Eva produced a canvas case and unfolded the bloodstained cover. Harlan took it from her and closely examined the map, unfolding it further. Carrying it over to the wall, he spread it against the map already pinned there, comparing the two.

“Hmm,” Harlan maintained his study for some minutes, then transferred some markings to the larger map. “Well. Isn’t that interesting.” Returning to the table, he rapidly wrote on a yellow pad of stick-on notes while they watched.

“What didja find?” Korbish blurted, unable to wait any longer.

Green noted Ms. Eva’s annoyed glance at her compatriot.

He then turned to Korbish, regarding him levelly, and gestured to the large map that he had previously taped to the wall of the office. Additional yellow notes were sprinkled liberally across its surface, highlighting points of special interest.

“We’re continuing to clear our way west and north,” he said, standing with his hands on his hips, looking at the map. “There are extended clear driving lanes, double lanes in places, to the south and back the way we came. What else do you see?”

“We’re about to hit a river up north,” Eva said as she moved to stand next to Korbish. “A couple of towns and a big city. Not huge, but still bigger than we’ve hit so far. Figure, lots more zombies.”

“What do we find on rivers?” Harlan Green tapped the winding blue ribbon of the Tennessee River. “What were they used for?”

Both lieutenants leaned closer, looking at the newest pen marks on the map.

“What’s a Thunder Blast?” Eva asked, annoying him.

“Not that,” said Harlan curtly. “Underneath.”

“Aaah,” said Korbish, exhaling slowly. “Interesting.”

“Just so,” Harlan regarded him approvingly. “And someone else appears to think it’s interesting too.

He turned to Eva this time.

“Miss Eva, you brought back what, two dozen effectives from your little adventure?”

“Sixteen worth keeping,” Eva said, turning from the map. “Five dead. Seven seriously injured. Twelve more that aren’t good for anything but simple guarding or basic labor.”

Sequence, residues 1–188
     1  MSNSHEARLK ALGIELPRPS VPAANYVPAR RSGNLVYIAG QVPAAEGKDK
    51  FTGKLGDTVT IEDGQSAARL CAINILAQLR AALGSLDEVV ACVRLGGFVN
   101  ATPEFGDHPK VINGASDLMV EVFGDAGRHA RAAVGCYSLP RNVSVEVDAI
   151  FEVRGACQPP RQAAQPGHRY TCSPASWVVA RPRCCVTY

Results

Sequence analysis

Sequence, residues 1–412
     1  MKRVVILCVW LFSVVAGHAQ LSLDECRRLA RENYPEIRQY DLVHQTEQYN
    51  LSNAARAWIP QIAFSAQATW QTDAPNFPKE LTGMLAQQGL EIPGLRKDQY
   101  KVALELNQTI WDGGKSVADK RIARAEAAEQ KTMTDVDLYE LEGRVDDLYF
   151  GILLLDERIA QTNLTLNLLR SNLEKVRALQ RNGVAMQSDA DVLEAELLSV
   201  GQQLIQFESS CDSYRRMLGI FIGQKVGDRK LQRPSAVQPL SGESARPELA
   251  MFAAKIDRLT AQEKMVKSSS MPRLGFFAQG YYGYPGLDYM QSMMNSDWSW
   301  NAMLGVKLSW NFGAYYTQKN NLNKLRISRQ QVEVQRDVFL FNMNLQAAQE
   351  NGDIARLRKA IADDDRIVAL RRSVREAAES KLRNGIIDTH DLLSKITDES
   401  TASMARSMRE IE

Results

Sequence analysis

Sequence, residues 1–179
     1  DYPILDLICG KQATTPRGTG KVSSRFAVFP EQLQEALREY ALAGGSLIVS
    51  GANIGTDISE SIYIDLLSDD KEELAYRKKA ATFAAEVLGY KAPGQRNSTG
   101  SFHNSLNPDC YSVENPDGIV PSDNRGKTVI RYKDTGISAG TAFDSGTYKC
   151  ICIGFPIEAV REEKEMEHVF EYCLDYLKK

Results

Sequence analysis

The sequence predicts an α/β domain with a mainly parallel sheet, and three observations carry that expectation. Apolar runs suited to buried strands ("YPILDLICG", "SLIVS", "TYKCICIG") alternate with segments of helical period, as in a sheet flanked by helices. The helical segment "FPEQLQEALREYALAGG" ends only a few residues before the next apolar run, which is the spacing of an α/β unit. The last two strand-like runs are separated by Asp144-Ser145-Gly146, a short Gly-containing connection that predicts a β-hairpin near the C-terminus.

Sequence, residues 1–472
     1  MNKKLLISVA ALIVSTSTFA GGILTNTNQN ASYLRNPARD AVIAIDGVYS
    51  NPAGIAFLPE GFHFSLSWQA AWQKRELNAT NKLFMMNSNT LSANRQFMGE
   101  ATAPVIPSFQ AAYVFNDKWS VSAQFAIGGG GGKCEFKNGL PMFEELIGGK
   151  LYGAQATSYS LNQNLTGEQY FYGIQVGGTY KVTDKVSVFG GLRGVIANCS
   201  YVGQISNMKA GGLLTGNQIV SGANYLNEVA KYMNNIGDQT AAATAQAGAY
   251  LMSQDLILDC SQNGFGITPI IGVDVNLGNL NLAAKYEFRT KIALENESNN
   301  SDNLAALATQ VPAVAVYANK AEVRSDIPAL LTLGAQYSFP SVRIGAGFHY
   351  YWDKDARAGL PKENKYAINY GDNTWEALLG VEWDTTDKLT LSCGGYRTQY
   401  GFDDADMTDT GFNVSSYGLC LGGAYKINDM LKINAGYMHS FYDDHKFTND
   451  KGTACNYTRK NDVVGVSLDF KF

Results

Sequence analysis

“Not bad,” Harlan replied. “I’ll call a general meeting, but after Mr. Loki reviews your assessment the two of you may pick the most useful of remaining crew from Mr. Biggs’ group. Ms. Eva, you will prepare for a reconnaissance to the northeast. Mr. Korbish, your group will evaluate the river crossings to the northwest. Before departure, both of you will conduct local sweeps by way of shaking down your groups. But after that, you’ll help me learn just what this map’s former owners thought to be so interesting.”


Loki closed the door behind the exiting duo. His eyes lingered for a moment on the woman’s backside… but no. He understood Green’s rules very well. Miss Eva might become one of his lieutenants, off limits.

If she continued to deliver.

Green himself continued to look at the map.

“Those two are gonna fight.” Loki stated flatly.

“Almost like I’m planning it that way,” Green replied, without turning around. “If they each survive long enough.”

“The little man, Korbish, he’s clever, but a weasel,” Loki said before adding, “But like you said before, we need smart people, people that we can trust.”

“I need the right leaders to fill my Guards.” Green said, turning to look up at his trusted subordinate. “And I’ve only one of you. The markings on that rifle that you evaluated was owned by something called a Biological Emergency Response Team – apparently one from a New York based bank. They aren’t here by accident and if they lived this long they aren’t stupid.”

“Eva’s smart.” Loki said. “At least as smart as I am. Quick, too. She can handle the men. Even money says Eva is going to kill the weasel while they compete for Biggs’ spot.”

“Maybe. Maybe not, Mr. Loki.” Green replied. “It’s time for Officer Young to step up. Assign him to Green’s team. She can evaluate how he shapes in the field and if he’s going to be an asset. And I think that while Korbish and our Miss Eva compete to prove their worth to take Biggs’ share, you and I will prepare for a little wanderjahr about the territory. I think that we’ll profit by not leaving the most important job to someone else.”